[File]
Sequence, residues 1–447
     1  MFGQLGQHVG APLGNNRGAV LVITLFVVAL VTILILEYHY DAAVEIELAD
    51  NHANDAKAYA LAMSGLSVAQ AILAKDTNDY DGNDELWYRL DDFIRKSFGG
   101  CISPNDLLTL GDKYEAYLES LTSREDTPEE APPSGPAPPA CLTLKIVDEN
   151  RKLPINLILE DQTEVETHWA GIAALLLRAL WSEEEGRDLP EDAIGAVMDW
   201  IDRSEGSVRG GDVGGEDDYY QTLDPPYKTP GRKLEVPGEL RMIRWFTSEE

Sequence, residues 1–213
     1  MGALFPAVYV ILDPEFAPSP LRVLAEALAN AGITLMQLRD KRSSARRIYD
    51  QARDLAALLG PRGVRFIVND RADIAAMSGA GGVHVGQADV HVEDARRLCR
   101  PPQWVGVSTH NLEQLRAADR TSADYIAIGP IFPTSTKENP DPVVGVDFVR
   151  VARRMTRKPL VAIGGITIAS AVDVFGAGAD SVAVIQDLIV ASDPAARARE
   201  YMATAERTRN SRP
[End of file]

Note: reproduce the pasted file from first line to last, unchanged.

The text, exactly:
Sequence, residues 1–447
     1  MFGQLGQHVG APLGNNRGAV LVITLFVVAL VTILILEYHY DAAVEIELAD
    51  NHANDAKAYA LAMSGLSVAQ AILAKDTNDY DGNDELWYRL DDFIRKSFGG
   101  CISPNDLLTL GDKYEAYLES LTSREDTPEE APPSGPAPPA CLTLKIVDEN
   151  RKLPINLILE DQTEVETHWA GIAALLLRAL WSEEEGRDLP EDAIGAVMDW
   201  IDRSEGSVRG GDVGGEDDYY QTLDPPYKTP GRKLEVPGEL RMIRWFTSEE

Sequence, residues 1–213
     1  MGALFPAVYV ILDPEFAPSP LRVLAEALAN AGITLMQLRD KRSSARRIYD
    51  QARDLAALLG PRGVRFIVND RADIAAMSGA GGVHVGQADV HVEDARRLCR
   101  PPQWVGVSTH NLEQLRAADR TSADYIAIGP IFPTSTKENP DPVVGVDFVR
   151  VARRMTRKPL VAIGGITIAS AVDVFGAGAD SVAVIQDLIV ASDPAARARE
   201  YMATAERTRN SRP